Above: Matthew Fifer (right), the technical lead on the brain-computer interface study for the Johns Hopkins University Applied Physics Laboratory, preps study volunteer Buz Chmielewski for a lab assessment.
Johns Hopkins researchers are studying brain-machine interfaces (BMIs) designed to control movement of prosthetic limbs and induce perceived touch in a volunteer with tetraplegia. The goal: to one day help patients with paralysis function more independently.
The researchers are from the Department of Physical Medicine and Rehabilitation, the Department of Neurology and Neurosurgery, and the Johns Hopkins University Applied Physics Laboratory. In January 2019, the group implanted six microelectrode arrays, each the size of a large ant, into both brain hemispheres (half in the motor cortex and half in the sensory cortex) of 50-year-old volunteer Buz Chmielewski, who has a C6 incomplete spinal cord injury and is paralyzed from the shoulders down, with some residual function in his shoulders, biceps and wrists.
The arrays are designed to either read neural signals from the motor and sensory parts of the brain or directly stimulate sensory parts of the brain, in essence bypassing the damaged spinal cord. The recorded neural signals can then be converted into motor commands to control a robotic arm or other devices, or the brain can be stimulated to evoke percepts of touch. This allows the participant to control these devices with only his thoughts or feel percepts of touch when the devices interact with their environment, such as when touching objects.
In laboratory studies, the arrays are connected through wires to a computer that can read the neural signals coming from Chmielewski’s motor cortex, conveying the intention of movement. These signals are then decoded into movement commands that are transmitted to robotic arms, cursors or virtual limbs, allowing the participant to move these devices using “mind control.” The team also has been tracking the volunteer’s accuracy in reaching toward targets, moving individual fingers, and producing various type of grasps using real or virtual prosthetic limbs. They also are studying his percepts of what and where he can “feel” sensations when his brain is directly stimulated in response to object interactions picked up by sensors on the prosthetic limbs. For example, if the participant squeezes a ball with the prosthetic arm, he will feel as if his own fingers are touching the ball.
“At this point, we’ve found that Mr. Chmielewski can control both limbs to perform some simple reaching or grasping movements in a coordinated manner,” says physical medicine and rehabilitation scientist Gabriela Cantarero, who with department chair Pablo Celnik and others has been engaging the patient in three testing sessions each week. Although this research subject’s journey has been “purely altruistic,” Cantarero says, repetition of attempting motor tasks during testing sessions has led to a slight increase in his ability to move his fingers. While these movements are not yet clinically useful, Cantarero says, “It’s cool to see.” Early work was presented last fall in four poster presentations at the Society for Neuroscience annual conference.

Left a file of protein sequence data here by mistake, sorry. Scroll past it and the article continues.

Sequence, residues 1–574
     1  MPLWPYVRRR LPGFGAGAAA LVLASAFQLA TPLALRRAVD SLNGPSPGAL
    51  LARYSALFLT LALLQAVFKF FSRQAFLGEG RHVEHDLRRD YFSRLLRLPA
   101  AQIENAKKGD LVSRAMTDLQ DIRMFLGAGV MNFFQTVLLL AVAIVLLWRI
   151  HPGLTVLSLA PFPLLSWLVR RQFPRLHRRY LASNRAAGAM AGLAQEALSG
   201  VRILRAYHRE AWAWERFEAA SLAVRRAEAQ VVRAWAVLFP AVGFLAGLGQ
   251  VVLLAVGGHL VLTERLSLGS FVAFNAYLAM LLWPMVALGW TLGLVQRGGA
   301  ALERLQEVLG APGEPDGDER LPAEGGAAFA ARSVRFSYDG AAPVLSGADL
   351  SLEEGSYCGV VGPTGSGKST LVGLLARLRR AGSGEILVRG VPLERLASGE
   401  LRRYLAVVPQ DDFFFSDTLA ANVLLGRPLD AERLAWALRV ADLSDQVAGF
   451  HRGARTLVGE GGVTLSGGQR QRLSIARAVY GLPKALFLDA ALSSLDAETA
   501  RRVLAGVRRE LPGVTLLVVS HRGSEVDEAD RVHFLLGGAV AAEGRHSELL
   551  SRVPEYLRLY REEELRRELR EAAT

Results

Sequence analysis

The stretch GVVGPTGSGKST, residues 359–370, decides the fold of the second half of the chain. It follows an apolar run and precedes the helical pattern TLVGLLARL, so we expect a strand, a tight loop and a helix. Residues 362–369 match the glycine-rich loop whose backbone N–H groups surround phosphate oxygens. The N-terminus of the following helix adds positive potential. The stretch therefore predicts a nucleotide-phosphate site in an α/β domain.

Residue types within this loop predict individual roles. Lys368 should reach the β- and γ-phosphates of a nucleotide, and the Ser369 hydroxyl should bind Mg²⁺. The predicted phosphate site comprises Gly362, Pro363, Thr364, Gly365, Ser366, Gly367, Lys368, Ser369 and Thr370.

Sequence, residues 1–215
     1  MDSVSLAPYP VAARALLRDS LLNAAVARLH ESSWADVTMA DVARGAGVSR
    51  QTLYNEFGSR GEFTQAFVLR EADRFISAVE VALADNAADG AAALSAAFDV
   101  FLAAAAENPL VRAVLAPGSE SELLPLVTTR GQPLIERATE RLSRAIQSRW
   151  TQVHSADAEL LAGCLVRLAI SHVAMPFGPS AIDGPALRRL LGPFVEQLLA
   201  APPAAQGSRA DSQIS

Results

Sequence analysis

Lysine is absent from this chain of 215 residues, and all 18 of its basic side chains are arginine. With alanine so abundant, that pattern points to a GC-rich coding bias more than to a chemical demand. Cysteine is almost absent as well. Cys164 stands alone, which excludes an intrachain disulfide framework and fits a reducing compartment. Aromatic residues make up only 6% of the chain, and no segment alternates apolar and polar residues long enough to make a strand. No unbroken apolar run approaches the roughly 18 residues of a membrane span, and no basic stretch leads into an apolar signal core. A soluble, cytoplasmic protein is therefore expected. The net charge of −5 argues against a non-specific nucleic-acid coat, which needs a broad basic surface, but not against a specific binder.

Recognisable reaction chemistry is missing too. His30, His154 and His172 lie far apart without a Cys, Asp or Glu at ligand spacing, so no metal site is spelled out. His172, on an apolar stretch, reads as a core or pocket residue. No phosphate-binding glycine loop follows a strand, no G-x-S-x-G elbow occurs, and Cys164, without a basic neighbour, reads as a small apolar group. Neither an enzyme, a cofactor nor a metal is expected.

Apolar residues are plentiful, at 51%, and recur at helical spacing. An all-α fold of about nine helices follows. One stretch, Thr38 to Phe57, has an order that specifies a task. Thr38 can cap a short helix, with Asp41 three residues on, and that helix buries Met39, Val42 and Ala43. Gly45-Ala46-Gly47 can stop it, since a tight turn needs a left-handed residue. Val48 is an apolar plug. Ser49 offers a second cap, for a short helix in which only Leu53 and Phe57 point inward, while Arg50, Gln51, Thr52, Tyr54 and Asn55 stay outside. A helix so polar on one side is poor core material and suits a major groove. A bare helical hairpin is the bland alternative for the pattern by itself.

Previous BMI studies in humans have been done recording from only one side of the brain, Cantarero says, which may limit movement control of two limbs. The brain has a contralateral organization of control, she says, so the right side of the brain predominantly controls the left side of the body, and the left side of the brain controls the right side of the body. Although some simple movements of one limb can be decoded or controlled from either side of the brain, using both sides of the brain likely becomes necessary for more complex tasks that require simultaneous coordinated movements of both arms, such as opening a bottle or cutting food. The team is studying which types of movements do or do not require bilateral input from the brain to achieve control.
Next steps for research include testing progressively more complex bimanual movements and determining methods of stimulating the brain so that the percept of touch feels more natural and useful, Cantarero says: “One of our main goals is to ultimately build a clinically relevant bimanual task that can improve a user’s independence, such as grabbing a bottle, opening it and drinking from it.”
Engineering a BMI control of that task is more difficult than it might seem, she says, with some components of the movements requiring each hand to work independently toward distinct goals, and other components of the movements requiring both hands to work together in a coordinated fashion. “This is because the way our brain represents the movement of one hand might largely differ depending on what the other hand is doing,” Cantarero says. But the team is determined.
“Most of our everyday activities in life consist of bimanual movements,” says Cantarero. “We want to build something that goes beyond what can be achieved with a single arm, and explore how we can use BMI to simultaneously control two arms in a coordinated manner to truly be of value to a spinal cord injury patient.”
The work is supported by the Defense Advanced Research Projects Agency.
Learn more about the Brain-Computer Interface Study.